Salvation: Three Perspectives (Transactional, Unilateral, Reciprocal) – Brad Jersak

“Salvation”(Gk. soterion – Luke 2:20; 3:6; Acts 28:28; Eph. 6:17; Titus 2:11).
Related to: save (sozo); savior (soter).

Remember that moment in Christian history or biblical revelation when the people of God arrived at consensus on what “salvation”meant and how it is achieved? 

Me neither. 

But amid the roiling ocean of competing ideas, opinions and systems, we can occasionally discern currents—popular themes surface through the cacophony and congeal into doctrinal streams. Allow me to identify three visions of salvation that compete for our attention and form our practices. Indeed, one’s image of salvation has formative power in the daily life of faith and prayer, so they are worth pondering.   

I’ll briefly discuss these three points of view:

  1. Salvation as a transactional deal.
  2. Salvation as a unilateral action.
  3. Salvation as a reciprocal relationship.


Metaphors: Legal contract or economic deal-making.
Theological Uses: Atonement theory, intercession, revivalism. 

“If you ________, then he’ll __________.”

Salvation is transactional when viewed through legal or economic metaphors in which God is viewed as a judge whose justice needs to be satisfied or a creditor who needs to be paid. 

In atonement theory, the two metaphors are typically combined as a debt paid through punishment. Only on receipt of this debt is God willing, able and just to forgive.

Prayer is transactional when an individual or group prays right or prays enough to bring about the answer they seek.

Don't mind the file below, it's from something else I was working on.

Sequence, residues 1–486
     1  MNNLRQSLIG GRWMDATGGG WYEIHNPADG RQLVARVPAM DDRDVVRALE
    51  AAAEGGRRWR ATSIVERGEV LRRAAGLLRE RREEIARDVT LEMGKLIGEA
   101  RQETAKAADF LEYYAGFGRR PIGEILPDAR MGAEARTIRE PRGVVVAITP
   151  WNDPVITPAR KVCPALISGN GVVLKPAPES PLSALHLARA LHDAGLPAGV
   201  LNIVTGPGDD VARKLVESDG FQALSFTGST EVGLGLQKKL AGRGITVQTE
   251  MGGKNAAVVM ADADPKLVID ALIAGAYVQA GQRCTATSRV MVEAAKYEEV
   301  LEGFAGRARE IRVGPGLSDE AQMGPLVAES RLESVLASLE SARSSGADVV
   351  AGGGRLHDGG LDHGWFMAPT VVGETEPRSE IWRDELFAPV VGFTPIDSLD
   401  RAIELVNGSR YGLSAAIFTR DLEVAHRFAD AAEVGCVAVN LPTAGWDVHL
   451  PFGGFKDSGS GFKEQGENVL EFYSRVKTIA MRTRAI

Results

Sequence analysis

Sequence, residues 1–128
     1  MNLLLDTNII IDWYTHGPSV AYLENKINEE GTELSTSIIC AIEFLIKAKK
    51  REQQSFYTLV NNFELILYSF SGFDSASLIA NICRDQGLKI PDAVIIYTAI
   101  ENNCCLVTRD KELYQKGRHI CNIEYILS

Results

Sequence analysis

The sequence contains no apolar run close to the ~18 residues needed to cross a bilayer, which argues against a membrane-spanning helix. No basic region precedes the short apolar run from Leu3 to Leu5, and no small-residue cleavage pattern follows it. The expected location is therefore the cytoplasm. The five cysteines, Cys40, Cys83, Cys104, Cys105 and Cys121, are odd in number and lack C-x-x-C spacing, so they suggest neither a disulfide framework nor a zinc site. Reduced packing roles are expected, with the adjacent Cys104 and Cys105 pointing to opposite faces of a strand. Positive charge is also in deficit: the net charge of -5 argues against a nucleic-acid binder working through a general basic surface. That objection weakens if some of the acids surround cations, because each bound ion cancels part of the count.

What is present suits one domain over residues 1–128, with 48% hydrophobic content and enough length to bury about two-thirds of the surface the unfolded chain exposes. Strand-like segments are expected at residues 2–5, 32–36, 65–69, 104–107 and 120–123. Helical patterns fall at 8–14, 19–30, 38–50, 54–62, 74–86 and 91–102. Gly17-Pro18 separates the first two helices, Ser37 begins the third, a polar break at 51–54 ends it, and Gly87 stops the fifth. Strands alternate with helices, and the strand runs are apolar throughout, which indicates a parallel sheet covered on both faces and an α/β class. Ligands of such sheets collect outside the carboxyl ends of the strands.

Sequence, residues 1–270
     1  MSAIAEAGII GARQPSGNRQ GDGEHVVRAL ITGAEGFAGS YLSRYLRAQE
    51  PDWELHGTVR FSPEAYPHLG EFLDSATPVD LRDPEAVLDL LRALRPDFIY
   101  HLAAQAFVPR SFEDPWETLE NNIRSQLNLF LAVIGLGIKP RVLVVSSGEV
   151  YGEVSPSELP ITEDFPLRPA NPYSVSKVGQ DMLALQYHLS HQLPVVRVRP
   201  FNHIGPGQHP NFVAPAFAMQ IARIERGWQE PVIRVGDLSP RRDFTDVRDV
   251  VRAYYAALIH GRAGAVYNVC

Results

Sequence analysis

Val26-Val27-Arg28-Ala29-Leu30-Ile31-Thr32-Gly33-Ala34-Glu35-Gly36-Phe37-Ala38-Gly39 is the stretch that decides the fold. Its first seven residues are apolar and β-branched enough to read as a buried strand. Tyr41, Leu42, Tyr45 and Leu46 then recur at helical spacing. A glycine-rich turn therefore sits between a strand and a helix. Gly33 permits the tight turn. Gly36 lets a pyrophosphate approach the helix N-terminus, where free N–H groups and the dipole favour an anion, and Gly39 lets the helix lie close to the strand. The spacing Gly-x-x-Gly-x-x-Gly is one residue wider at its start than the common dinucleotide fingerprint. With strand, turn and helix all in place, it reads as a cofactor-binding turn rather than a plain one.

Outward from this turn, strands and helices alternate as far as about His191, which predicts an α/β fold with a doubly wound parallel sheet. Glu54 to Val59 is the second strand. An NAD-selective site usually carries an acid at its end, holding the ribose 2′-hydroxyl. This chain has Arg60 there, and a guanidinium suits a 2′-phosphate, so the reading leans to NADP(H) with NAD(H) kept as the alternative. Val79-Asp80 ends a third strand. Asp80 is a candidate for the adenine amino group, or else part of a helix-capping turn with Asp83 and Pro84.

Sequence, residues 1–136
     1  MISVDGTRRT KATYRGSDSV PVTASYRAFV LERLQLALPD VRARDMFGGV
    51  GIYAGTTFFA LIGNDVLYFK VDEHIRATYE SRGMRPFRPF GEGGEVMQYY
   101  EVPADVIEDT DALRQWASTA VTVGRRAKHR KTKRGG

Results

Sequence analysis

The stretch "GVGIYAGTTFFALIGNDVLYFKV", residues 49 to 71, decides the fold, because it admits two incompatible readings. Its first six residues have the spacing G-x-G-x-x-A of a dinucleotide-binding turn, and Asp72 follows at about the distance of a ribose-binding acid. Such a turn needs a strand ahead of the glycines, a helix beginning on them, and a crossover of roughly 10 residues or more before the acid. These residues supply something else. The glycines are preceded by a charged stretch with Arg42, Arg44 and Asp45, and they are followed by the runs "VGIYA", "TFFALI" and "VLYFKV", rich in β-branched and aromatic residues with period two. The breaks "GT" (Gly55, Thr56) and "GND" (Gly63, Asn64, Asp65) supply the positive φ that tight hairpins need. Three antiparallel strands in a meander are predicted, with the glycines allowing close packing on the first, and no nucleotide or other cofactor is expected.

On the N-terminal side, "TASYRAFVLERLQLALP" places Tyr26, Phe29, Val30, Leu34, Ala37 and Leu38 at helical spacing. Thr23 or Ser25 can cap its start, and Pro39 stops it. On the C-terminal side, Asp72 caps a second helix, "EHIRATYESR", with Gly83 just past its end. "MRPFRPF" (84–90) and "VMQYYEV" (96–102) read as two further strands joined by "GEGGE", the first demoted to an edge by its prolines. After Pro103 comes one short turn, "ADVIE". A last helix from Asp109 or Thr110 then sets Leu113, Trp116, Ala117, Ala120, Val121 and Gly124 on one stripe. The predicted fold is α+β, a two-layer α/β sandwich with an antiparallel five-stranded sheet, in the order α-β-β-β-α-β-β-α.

In revivalism, corporate prayer becomes transactional when it calls us to serve up sufficient repentance, prayer, worship and/or unity to bring about a spiritual tipping point that leads to revival. Charles Finney lays out a system in his classic, How to Have a Revival.   

The classic proof text is from 2 Chronicles 7:14

“If my people, who are called by my name, will humble themselves and pray and seek my face and turn from their wicked ways, then I will hear from heaven, and I will forgive their sin and will heal their land.”

Transactional religion makes a lot of sense in the context of Old Covenant blessings and curses (e.g. Deut. 28). If we are good, God pays us off with blessings. When we are bad, God pays us back with curses. Because we were not good enough, Jesus had to pay God off with obedience and God had to pay Jesus back with punishment. By satisfying both God’s commands and his wrath, Jesus frees God to forgive humankind. But again, only if they repent and believe (another transaction).